Sunday, 10 June 2007

"New Residents" published June 10

New Residents

Every suburb has its influx of new residents. That’s how suburbs grow and prosper and most new residents bring with them interesting new religions, cultures and best of all cool ethnic food.
But not in Grey Lynn. Our new residents come from that far away place called Middle White New Zealand and the only thing new they bring with them is the word “aspiration” and an attitude called superiority. Because what we quaint inner city types who have lived here for a while don’t understand is that the New Resident has paid good – actually, silly - money to join us. And in the cultural richness that is Middle White New Zealand money buys you the right to be pompous, insular, judgmental and wear really bad clothes.
We older Grey Lynners on the other hand have earned the right to stand up for ourselves so here for the New Residents who might be finding it hard to fit in is a guide:
There are dogs in our parks which are allowed to run free. Contrary to media reports they are highly unlikely to maul your children, nor is it their fault that your child falls off its bike at the shock of seeing a dog running free on the other side of the park. If you want to live somewhere without dogs there are things called gated communities. Failing that perhaps the council will allow you to have one end of the park fenced off where you and your children can play exclusively while we stare at you in disbelief.
When you meet another New Resident in the supermarket do not stand in the aisle discussing your latest valuation. No one is interested in the fact that your house has increased in value by 100k in one year. Especially the Samoan shelf stacker who now has to find room for 10 new flavours of organic cashew nuts since you moved up the road.
Do not try to engage us in conversation. That’s why we’re wearing headphones on our walks around the neighbourhood now. We are not interested in your petition to do away with inorganic rubbish collections which visually pollute the streets for a massive five days once every two years. Nor do we want to partake in a street party, a pot luck dinner or form a Neighbourhood Watch scheme. If you’re lonely you only have yourself to blame.
Do not wear those clothes. You know the ones I mean. They’re the ones you refer to as “funky street wear” and you keep folded away in your drawer called “weekend.” If we wanted living Esprit catalogues walking around the place we’d live in Florida.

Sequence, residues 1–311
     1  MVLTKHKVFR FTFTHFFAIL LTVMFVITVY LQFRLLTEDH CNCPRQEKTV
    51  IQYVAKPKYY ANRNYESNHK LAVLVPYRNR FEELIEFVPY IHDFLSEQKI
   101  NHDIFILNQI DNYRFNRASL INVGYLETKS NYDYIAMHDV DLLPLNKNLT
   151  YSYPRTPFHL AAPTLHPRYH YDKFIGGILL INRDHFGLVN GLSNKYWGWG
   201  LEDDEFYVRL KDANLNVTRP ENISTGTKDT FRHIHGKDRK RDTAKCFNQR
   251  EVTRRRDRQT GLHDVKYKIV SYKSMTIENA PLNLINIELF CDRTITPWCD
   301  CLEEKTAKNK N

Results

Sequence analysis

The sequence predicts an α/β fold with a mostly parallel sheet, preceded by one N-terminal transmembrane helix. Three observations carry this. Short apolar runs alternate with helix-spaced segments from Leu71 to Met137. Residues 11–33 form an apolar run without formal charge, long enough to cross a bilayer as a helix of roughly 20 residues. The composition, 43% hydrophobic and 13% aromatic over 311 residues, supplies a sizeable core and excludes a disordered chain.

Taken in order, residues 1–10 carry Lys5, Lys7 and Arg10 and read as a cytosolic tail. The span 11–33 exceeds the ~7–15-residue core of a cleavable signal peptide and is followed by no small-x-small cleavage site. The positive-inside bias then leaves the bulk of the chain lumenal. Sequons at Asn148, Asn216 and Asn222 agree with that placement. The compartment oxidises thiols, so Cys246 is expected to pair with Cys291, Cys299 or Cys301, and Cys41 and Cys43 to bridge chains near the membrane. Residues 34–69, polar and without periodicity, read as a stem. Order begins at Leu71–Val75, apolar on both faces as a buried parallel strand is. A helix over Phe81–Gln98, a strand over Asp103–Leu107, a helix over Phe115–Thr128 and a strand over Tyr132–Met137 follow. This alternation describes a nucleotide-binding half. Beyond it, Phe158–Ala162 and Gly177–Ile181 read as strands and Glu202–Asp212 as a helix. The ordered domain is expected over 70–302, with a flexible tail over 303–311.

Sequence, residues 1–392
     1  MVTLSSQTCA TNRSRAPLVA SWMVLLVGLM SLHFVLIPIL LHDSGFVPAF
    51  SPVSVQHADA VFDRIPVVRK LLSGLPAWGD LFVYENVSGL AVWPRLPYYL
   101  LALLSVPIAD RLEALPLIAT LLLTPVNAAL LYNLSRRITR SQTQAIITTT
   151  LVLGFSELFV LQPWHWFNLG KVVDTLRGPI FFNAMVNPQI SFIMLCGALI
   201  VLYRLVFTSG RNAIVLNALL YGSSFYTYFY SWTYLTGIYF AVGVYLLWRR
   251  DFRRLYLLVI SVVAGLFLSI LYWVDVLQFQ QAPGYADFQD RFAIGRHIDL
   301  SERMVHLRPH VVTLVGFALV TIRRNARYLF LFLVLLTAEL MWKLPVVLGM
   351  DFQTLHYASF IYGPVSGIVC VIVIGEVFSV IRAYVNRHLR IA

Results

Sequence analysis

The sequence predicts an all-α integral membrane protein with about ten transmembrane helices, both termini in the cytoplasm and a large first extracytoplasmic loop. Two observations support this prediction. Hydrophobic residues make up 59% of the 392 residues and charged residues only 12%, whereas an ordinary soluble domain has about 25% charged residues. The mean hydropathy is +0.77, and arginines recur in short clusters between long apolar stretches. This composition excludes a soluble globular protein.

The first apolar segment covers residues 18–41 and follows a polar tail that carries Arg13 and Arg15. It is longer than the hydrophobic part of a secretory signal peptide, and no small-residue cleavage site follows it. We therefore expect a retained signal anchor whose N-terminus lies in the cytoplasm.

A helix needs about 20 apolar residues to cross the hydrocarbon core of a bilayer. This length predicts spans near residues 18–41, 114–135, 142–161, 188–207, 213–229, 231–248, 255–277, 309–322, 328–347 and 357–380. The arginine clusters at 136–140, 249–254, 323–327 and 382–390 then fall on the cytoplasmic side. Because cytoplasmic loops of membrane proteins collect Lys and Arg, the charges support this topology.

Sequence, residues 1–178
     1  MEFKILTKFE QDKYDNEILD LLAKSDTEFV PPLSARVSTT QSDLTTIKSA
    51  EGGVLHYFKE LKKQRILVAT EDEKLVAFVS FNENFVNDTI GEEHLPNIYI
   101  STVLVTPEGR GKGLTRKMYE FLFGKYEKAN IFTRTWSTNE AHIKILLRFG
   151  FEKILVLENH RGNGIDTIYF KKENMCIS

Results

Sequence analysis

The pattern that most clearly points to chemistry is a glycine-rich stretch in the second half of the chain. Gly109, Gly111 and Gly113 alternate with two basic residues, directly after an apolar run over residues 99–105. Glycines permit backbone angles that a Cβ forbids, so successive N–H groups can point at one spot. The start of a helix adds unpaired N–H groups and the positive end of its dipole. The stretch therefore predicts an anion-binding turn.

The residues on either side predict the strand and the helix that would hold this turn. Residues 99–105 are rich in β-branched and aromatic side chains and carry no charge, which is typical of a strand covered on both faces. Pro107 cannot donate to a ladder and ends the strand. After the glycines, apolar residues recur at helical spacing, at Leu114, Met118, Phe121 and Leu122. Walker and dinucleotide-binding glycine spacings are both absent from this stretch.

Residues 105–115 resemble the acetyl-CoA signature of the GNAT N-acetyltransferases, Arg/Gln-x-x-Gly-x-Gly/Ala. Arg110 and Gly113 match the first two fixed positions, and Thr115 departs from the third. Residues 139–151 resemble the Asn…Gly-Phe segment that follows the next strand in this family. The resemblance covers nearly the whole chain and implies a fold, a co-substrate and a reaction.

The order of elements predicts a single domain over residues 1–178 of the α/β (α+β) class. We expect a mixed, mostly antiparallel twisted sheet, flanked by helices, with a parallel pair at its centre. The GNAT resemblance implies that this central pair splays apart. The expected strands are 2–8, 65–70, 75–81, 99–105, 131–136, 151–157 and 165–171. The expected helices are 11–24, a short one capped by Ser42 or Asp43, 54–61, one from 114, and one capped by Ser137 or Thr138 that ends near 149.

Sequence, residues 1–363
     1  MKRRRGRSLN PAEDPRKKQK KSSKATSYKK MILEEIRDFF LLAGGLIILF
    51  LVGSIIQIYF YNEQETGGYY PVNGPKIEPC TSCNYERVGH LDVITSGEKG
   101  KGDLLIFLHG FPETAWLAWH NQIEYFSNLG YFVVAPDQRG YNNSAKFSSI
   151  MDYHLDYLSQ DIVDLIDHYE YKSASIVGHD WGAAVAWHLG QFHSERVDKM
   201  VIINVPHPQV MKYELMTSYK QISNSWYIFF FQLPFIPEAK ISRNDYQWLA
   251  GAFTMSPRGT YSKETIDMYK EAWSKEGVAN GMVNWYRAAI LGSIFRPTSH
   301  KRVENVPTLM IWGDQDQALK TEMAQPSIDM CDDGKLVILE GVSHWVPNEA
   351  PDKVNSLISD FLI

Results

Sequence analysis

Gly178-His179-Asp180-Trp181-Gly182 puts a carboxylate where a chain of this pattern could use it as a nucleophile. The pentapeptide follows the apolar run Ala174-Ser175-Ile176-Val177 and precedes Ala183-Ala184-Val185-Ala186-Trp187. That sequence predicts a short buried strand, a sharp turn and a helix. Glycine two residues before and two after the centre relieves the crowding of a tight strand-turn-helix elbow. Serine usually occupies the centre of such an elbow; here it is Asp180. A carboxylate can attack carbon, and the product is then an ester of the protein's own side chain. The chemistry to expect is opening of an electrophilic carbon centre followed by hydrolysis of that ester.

Don’t take your kids to the cafes. We know your new house was advertised as “just minutes from trendy cafes” but that doesn’t mean you take your kids with you. Have you ever met a kid who likes sitting at a café table while it reads the paper and orders another soy latte? Bored kids are a menace and if you doubt me just ask yourself why fluffies are the approximate measurement of a tablespoon. Café owners designed them that way so your child would finish up and you would be forced to take them somewhere else to perform their cute gymnastics and impressive squealing.
On the café situation, they are for eating, talking to friends then pissing off. They are not bus shelters or park benches which were designed for people to sit on and wile away three hours. Move along. You’ve been seen at the trendy café, time’s up.
Get rid of one of your cars. We all have. There’s a reason your suburb is described as “inner” city. You can walk to work in 25 minutes. Do it.
Do not allow your children to poke and gawk at the sleeping tramps in the park. They are part of us, they belong there and are not an excuse to give your children an impromptu lesson on the likely outcome of abusing alcohol and drugs. They might look like they’re asleep but they can hear you. We like them, and some of us talk to them rather than about them. The least you can do is leave them alone.
Consider forming a club. You can organise day trips out to where you came from to gaze at the dog free, bland environment you left behind. You don’t want to lose touch with that place because you’ll be moving back there once we’ve driven you crazy with our menacing dogs and inner city ennui.


Oswald Bastable said...


Sounds like me about on Wellington types that buy up cutsy cottages in the country.

MikeE said...

I'd prefer to just stick to hunting the homeless, like we do in kingsland...

Anna said...

Thank god I brought in Mt Eden, now I have just about zero chance of running into the likes of you. Very sad - get a life.

Anonymous said...

You actually get paid to write rubbish like this? Just had to see if was a bad as Mrs Smith described.

Anonymous said...

rates getting a bit steep dear? you could try cashing up and moving out with the new middle classes in takanini.